Design / Journal / Media Arts / Typography

What’s in a Line-O-Type? Ask Ottmar Mergenthaler…

Linotype screening poster

Linotype screening poster

Just had a chance to sit down and watch the incredible documentary Linotype: The Film by director/producer Doug Wilson and cinematographer/editor Brandon Goodwin (audio and sound by Jess Heugel).

Filmmakers Wilson and Goodwin deftly capture the spirit of the Linotype, Ottmar Mergenthaler’s 1890 invention that forever changed human communication. They achieve this feat through both the visceral connection and complete devotion the linotype operators and technicians had for their work and the machine they grew to love and respect, almost as if it were a living thing.

From the linotype operators’ detailed aural impressions of the Linotype as it performed the intricate stages of its complex work, to the reminiscence of being kissed on the head by Marliyn Monroe after being shown her name on a lead slug, Linotype: The Film builds a tale of a legendary machine that inspired men and women from disparate parts not just to follow what often became a lifetime calling, but to further embrace the integrity and sincerity of craft in their vocation.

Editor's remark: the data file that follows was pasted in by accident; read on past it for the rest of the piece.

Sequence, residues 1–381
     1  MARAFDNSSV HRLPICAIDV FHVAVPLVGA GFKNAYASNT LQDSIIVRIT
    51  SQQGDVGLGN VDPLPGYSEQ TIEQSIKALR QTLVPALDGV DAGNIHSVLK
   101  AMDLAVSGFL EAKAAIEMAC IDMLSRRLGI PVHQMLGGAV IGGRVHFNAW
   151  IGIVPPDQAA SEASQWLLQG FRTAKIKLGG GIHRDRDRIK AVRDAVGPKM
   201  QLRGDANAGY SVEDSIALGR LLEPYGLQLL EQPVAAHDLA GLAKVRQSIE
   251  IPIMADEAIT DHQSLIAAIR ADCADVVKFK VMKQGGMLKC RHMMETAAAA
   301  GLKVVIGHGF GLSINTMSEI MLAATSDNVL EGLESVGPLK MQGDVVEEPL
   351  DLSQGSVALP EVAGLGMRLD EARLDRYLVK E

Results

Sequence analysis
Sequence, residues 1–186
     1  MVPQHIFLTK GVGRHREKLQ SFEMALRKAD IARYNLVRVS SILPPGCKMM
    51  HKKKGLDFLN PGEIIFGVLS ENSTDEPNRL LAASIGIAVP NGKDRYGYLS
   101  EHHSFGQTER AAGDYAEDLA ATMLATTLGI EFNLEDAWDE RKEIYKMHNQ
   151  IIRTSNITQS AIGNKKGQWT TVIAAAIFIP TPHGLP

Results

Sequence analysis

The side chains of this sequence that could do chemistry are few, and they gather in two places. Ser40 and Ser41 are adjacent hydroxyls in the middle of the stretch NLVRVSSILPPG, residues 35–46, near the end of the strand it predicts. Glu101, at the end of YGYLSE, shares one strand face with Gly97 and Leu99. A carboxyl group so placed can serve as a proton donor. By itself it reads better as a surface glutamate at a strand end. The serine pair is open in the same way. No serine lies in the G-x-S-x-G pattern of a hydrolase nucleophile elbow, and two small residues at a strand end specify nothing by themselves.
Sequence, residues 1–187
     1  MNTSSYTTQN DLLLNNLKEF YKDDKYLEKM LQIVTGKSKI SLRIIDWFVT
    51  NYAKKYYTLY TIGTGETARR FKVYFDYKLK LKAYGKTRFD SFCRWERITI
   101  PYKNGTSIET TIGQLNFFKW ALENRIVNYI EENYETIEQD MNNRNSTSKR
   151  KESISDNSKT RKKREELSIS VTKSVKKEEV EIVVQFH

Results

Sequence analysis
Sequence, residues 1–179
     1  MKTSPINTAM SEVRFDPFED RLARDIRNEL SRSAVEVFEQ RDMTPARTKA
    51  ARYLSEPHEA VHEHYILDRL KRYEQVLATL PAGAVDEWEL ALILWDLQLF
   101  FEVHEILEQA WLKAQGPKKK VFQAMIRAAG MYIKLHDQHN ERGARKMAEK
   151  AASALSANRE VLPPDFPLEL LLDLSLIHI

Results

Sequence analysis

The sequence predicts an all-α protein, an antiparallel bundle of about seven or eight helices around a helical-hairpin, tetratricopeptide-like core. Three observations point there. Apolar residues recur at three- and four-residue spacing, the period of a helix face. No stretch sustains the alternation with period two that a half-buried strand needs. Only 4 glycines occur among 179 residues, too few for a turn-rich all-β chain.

They are described as artists disguised as machinists; the fine screen filters so in tune with their work and the content they composed that they often saved many an upstairs copywriter from story altering errors on the edge of a deadline. All while the machines and presses still rolled on in their unceasing cycle of publication. As one of the lead characters put it:  “It was not easy. But it was fun.”

The film touches on all manner of those involved with the linotype machines, from operators, to collectors, master technicians and machinists, to teachers and students of the craft. As different as their backgrounds may be in other regards, one thing is for sure. All the people in this movie don’t just share a common passion. They are following it.

 

BONUS TIP:  the passion obviously ingrained in this film even inspired the revival of a once forgotten typeface, Metro, to be reworked as Metro Nova by Monotype U.K.’s Toshi Omagari at the persuasion of the director. It was used for the graphic typeface and titles throughout the documentary. Read more on that story here. Download a thoroughly ruminative type specimen sheet here. Buy the font for yourself here.

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